DVT prophylaxis not needed after casting


Clinical question: Is DVT prophylaxis necessary with lower leg casting or after knee arthroscopy?

Background: Patients who undergo immobilization from casting or knee arthroscopic surgery are thought to be at increased risk for venous thromboembolism (VTE). Most patients who undergo orthopedic procedures receive thromboprophylaxis but controversy exists surrounding its use in low limb casting or knee arthroscopic surgery. Prior studies did not establish consensus because of methodologic weaknesses.

Study design: Two parallel randomized-controlled, open-label trials with blinded outcome (POD-KAST for knee arthroscopy and POD-CAST for casting lower leg.

Setting: International (32 pediatric intensive care units across Asia, Australia, Europe, and North America).

Dr. Elizabeth Cerceo

Dr. Elizabeth Cerceo

Synopsis: Patients were randomly assigned to receive either a prophylactic dose of low-molecular-weight heparin (either for the 8 days after arthroscopy or for the duration of casting-related immobilization) or no anticoagulant therapy. The primary outcomes were the cumulative incidences of symptomatic venous thromboembolism (VTE) and major bleeding within 3 months after the procedure. For the 1,543 patients undergoing knee arthroscopy, VTE occurred in 0.7% of the treatment group and 0.4% of the control group (relative risk, 1.6; 95% confidence interval [CI], 0.4-6.8; absolute difference in risk, 0.3 percentage points; 95% CI, −0.6 to 1.2) and major bleeding was seen in 0.1% of both groups.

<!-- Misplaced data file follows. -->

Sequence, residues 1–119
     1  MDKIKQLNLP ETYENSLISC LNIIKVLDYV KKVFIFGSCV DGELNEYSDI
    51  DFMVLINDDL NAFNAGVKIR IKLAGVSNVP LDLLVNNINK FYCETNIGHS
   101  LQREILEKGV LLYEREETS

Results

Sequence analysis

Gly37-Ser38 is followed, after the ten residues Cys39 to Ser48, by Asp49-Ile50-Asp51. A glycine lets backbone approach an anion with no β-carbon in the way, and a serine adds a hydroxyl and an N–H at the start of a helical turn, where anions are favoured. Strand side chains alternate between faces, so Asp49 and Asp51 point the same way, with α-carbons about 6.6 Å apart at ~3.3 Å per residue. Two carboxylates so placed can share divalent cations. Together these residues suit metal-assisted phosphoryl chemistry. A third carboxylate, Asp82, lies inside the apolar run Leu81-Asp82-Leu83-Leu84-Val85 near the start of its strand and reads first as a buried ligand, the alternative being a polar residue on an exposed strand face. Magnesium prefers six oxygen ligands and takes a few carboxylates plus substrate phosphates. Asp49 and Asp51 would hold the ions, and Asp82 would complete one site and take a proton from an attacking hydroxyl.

For the 1,519 patients undergoing knee arthroscopy, VTE occurred in 1.4% of the treatment group and 1.8% of the control group (relative risk, 0.8; 95% CI, 0.3-1.7; absolute difference in risk, −0.4 percentage points; 95% CI, −1.8 to 1.0) and no episodes of major bleeding were reported in either group.

Bottom line: VTE prophylaxis either after arthroscopy or during immobilization from casting did not prevent DVT.

Citations: Van Adrichem RA, Nemeth B, Algra A, et al. Thromboprophylaxis after knee arthroscopy and low-leg casting. N Engl J Med. 2016 Dec 3. doi: 10.1056/NEJMoa1613303.

Dr. Cerceo is assistant professor in the division of hospital medicine, and associate director of the internal medicine residency program at Cooper Medical School of Rowan University, Camden, N.J.

Recommended Reading

Long-term opioid use uncommon among trauma patients
The Hospitalist
   Comments ()